5 minute read 8 Oct 2021
Accountant using calculator on Budget 2022

Why certainty and stability must come front and centre in Budget 2022

By Kevin McLoughlin

EY Ireland Head of Tax

Tax leader, Cyclist and music fan

5 minute read 8 Oct 2021

In the second pandemic Budget, decisions are made in a positive environment, but challenges must be addressed, and clarity is required as to how the books will be balanced.

In brief
  • Businesses are seeking certainty around the role of the Government as an economic actor in the years ahead.
  • Clarity is needed around broadening the tax base.
  • Budget 2022 will be framed against a contrasting backdrop with considerations around debt sustainability and where taxes will come from on the one hand, and on the other the strength of a resilient national economy.

Like a well-crafted mystery novel, the Irish budget each year is often more about clues and subtle hints rather than a big reveal. Ostensibly about the year ahead, the Budget when distilled down to its core elements is about what services the State is going to supply and who is going to pay for those through what taxes.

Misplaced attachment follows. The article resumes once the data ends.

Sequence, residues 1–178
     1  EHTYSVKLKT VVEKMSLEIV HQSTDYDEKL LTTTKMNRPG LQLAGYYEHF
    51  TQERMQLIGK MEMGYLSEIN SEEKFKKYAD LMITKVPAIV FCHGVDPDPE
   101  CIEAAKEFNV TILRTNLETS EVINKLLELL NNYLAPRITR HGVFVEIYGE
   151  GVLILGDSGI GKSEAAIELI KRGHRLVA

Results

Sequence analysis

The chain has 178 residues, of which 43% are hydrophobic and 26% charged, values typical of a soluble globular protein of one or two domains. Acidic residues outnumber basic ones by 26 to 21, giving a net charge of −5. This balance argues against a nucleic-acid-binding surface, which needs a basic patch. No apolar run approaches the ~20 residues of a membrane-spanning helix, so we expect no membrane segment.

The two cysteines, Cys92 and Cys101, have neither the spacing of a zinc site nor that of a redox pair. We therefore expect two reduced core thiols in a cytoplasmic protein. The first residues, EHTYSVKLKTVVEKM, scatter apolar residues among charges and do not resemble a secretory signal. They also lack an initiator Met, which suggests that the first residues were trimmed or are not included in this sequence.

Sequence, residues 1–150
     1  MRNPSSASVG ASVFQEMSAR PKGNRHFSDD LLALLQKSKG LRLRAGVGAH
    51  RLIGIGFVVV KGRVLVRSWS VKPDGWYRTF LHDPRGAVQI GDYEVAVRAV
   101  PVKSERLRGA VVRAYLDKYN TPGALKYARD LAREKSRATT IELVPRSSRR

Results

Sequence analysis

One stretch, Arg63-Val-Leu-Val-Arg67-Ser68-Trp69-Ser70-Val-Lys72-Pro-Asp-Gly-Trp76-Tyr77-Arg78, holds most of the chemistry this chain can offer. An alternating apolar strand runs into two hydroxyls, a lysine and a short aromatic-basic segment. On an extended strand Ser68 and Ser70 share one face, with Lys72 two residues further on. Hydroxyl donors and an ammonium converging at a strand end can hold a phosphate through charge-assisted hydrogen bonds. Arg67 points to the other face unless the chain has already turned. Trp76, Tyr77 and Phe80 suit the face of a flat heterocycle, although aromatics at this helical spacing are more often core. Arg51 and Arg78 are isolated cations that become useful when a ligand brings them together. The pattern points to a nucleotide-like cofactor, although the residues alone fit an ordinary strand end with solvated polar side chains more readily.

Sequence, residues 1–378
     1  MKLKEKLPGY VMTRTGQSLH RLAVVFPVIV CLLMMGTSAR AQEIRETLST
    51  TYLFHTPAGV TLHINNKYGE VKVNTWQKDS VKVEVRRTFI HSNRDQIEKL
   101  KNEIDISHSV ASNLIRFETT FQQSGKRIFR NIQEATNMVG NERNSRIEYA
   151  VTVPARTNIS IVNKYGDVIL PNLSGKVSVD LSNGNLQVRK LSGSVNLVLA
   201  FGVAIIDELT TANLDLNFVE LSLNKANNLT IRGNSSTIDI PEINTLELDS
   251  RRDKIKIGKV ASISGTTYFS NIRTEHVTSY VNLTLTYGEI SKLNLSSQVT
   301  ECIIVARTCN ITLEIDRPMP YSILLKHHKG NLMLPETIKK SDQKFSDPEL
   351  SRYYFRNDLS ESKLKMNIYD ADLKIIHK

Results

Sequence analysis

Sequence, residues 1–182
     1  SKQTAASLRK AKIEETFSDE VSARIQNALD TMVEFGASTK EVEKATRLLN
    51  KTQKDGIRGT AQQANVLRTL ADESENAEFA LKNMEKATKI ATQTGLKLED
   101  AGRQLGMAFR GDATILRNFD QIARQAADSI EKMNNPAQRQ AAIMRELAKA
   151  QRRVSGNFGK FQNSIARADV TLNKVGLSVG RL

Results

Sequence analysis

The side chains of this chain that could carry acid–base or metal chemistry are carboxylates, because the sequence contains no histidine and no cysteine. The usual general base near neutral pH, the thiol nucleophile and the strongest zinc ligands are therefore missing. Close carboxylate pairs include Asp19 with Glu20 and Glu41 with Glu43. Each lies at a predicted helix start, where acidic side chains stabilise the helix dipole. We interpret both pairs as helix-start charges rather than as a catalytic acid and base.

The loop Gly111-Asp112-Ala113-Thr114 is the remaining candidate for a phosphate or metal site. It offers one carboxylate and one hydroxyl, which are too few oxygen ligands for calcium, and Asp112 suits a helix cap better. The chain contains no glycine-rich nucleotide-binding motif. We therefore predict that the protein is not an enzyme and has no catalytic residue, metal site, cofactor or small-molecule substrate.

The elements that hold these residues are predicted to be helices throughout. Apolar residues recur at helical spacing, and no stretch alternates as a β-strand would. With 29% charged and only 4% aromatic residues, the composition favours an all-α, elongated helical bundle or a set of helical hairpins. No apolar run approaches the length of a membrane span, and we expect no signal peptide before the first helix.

But for businesses, reading those hints and clues is all important as businesses value long-term stability over short term volatility. This means that Minister for Finance, Paschal Donohoe, can make a significant contribution to Irish budget policy making by providing as much predictability and stability as possible in his forthcoming budget.

Businesses realise there is a lot of change happening right now and a lot of noise. Each week brings new headlines about governments worldwide ‘living beyond their means,’ about debt sustainability and about future costs fast approaching due to ageing, climate change and the residual costs of the COVID-19 pandemic. As a result, businesses - and the wider public - are seeking certainty about what role the Government will play as an economic actor in future years. The good news is the backdrop is reasonably encouraging, the word austerity has been politically shelved, and Ireland weathered the COVID-driven downturn reasonably well.

But that doesn’t mean challenges are not present. Debt levels are high when measured as a percentage of national income, and spending is elevated in a number of areas, understandably health among them. With austerity off the political table, growth is the only alternative that remains to bring spending and revenue into balance. But even growth is somewhat influenced by the underpinning tax and spending choices.